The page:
Perspective has a critical role in a song that is written about someone in particular, even if the song you're writing is about yourself.
Subverting the listener's expectation with an unexpected song perspective is a great way to make a song that gets stuck in someone's mind and stands out from more typical songs.
Once you have all of the previous ideas in place, you will be able to start condensing all the content you found about the person into real song lyrics.
Take your time with this part, as it will take a lot of creativity to get through. You can test out ideas with trial and error, possibly getting feedback from the person that you are writing about.
Don't be too hung up on the facts when it comes to your songwriting.
Getting the person's information is just about having the person fleshed out, but you can add fictional details to your lyrics' actual story if appropriate. It all depends on your song's intent and the song's perspective.
Related Post: Songwriting Tips For Beginners Looking To Get Better
After you have your lyrics, you can then begin creating your melodies based on those lyrics and the mood of your song.
Your melody ideas may lead you to make minor changes to the lyrics, but as long as the intent is still clear and nothing important is lost, this is perfectly fine to do.
Make sure that the melody of the song flows well with the message you are communicating. Your vocal and instrumental melodies should include appropriate emotional inflections to best get your point across in the song.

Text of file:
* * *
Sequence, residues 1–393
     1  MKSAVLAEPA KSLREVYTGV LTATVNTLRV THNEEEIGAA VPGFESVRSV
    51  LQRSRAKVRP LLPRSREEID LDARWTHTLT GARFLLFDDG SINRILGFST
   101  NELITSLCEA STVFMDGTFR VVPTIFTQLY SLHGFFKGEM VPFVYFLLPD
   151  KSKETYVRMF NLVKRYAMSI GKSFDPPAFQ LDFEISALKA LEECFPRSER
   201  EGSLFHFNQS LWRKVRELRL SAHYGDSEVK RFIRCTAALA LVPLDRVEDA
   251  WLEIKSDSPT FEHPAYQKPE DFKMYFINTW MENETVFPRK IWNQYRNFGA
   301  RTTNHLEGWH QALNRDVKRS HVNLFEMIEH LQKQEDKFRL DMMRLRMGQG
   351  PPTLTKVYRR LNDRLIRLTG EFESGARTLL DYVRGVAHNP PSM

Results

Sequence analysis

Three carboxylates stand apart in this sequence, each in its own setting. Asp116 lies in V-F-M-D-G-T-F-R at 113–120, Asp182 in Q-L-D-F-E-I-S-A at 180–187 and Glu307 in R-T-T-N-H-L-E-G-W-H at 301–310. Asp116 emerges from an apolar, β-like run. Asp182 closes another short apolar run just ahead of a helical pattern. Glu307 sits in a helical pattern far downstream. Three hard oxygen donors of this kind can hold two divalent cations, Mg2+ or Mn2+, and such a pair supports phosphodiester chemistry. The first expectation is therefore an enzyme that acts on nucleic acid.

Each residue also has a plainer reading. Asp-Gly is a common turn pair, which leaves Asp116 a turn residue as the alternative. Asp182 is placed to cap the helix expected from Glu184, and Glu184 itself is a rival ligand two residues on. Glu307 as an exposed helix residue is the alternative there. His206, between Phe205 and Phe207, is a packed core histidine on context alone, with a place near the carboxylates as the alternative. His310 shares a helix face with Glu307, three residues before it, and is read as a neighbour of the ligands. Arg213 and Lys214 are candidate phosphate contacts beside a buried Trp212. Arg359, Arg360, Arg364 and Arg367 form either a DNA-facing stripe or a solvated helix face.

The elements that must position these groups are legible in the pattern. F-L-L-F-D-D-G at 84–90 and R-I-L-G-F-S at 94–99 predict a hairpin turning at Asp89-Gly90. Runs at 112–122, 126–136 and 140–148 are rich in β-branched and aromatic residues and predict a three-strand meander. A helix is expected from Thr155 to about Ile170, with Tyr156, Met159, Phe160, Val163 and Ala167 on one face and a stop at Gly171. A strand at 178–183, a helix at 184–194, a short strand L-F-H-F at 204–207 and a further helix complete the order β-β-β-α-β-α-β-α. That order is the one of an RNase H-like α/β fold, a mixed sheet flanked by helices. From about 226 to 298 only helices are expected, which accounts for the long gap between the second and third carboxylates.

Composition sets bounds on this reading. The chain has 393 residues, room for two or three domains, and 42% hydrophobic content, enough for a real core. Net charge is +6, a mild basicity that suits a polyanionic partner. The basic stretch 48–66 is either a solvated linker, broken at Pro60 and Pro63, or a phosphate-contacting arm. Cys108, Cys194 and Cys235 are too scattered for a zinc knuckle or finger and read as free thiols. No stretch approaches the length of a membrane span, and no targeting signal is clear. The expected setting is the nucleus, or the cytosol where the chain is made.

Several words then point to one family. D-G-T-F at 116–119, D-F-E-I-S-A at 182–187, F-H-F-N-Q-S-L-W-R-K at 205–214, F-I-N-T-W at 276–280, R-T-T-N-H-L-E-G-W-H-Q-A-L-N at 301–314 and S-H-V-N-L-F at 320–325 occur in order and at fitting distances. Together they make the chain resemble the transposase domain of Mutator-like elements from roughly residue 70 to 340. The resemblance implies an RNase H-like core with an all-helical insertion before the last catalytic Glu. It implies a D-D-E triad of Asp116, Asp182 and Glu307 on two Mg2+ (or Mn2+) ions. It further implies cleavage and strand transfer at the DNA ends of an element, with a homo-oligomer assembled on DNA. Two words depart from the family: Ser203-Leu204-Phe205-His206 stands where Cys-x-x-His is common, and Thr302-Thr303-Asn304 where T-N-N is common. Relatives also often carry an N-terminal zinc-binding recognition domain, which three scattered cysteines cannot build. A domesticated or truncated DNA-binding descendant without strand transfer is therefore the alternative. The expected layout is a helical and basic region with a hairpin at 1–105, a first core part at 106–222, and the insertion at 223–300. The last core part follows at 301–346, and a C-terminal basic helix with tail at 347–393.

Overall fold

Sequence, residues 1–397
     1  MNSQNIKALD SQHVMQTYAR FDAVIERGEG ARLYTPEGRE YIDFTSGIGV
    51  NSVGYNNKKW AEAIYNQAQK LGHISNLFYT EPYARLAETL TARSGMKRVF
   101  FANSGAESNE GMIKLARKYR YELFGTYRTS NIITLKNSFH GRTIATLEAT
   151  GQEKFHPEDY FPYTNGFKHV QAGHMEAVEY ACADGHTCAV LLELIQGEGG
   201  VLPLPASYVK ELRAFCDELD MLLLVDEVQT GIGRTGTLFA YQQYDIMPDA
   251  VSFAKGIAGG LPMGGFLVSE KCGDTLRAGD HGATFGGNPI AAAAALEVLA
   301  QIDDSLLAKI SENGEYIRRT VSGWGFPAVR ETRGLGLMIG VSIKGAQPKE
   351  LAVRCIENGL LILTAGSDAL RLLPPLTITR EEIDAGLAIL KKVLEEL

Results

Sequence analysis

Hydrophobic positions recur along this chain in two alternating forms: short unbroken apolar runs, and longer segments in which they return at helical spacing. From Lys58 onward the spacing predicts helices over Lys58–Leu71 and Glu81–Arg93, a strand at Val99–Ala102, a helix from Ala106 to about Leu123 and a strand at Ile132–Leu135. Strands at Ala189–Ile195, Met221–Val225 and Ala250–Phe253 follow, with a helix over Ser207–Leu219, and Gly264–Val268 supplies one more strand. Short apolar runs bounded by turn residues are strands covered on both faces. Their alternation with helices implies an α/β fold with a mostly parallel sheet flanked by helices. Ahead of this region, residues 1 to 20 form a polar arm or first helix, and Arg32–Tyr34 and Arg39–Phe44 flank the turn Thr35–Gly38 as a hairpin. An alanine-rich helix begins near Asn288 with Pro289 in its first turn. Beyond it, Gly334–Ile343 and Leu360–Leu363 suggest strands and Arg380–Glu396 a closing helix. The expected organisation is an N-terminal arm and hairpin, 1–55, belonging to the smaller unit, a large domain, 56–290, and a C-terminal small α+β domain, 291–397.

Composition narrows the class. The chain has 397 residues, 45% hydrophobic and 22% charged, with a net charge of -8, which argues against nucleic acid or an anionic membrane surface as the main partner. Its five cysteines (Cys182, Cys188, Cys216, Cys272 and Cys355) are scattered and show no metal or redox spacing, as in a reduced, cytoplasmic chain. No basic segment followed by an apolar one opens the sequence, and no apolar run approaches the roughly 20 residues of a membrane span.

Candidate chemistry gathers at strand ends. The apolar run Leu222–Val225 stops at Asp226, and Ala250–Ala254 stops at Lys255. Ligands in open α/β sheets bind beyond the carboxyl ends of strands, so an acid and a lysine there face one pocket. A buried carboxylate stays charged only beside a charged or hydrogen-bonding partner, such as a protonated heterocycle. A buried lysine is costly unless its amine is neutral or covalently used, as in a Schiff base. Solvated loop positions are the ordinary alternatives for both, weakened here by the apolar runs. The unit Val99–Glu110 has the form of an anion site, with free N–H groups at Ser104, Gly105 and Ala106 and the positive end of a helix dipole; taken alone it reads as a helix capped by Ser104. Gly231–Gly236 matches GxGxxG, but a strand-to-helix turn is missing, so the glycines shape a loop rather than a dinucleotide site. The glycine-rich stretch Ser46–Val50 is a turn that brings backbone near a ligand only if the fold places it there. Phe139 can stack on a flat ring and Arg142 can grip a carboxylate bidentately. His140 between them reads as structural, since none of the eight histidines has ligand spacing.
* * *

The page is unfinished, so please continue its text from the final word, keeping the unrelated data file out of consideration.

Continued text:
You want to have melodic lines that encapsulate all the hard work and energy you took the time to put in in the previous steps.
Related Post: Which Do You Create First, The Music Or The Lyrics?
If you need inspiration, this is another moment where it's a good idea to search songs with similar messages and see how they created melodies that fit the song's intent.
Find out which section(s) of your song you want to have an emotional peak and the parts of the song where you want emotional lows. Reflect those moments with melodic phrases that dynamically follow your song's storytelling.
Now that you know some common elements that most hit songs share, you have a higher chance of making a hit song of your own! Do keep in mind that you don't have to have everything mentioned above to make a hit.
You can, for example, create a hit EDM song that has a BPM of 150 instead of in the 120s if you're daring enough to take that risk.
Hit songs aren't the only types of songs that are worth making. Don't get too tied up in extremes, making a song that will be a hit or not worth it at all.
If you are looking for tips on how to make a good song in general, check out my post on how to write a song from the heart.
Not every song needs to be a hit! The more you think about it, hit songs are just dumbed-down examples of what makes music great.
As a session singer, writer, and producer that has worked with over 200 clients to provide high-quality jingles, singles, and features, Yona spends her time creating and marketing new music and helpful resources for creators. Her recent collaborations include work with PBS Sound Field, Tribe of Noise, and the National Black Chamber of Commerce. Check out Yona’s latest releases on her Spotify, her Youtube and share if you like it!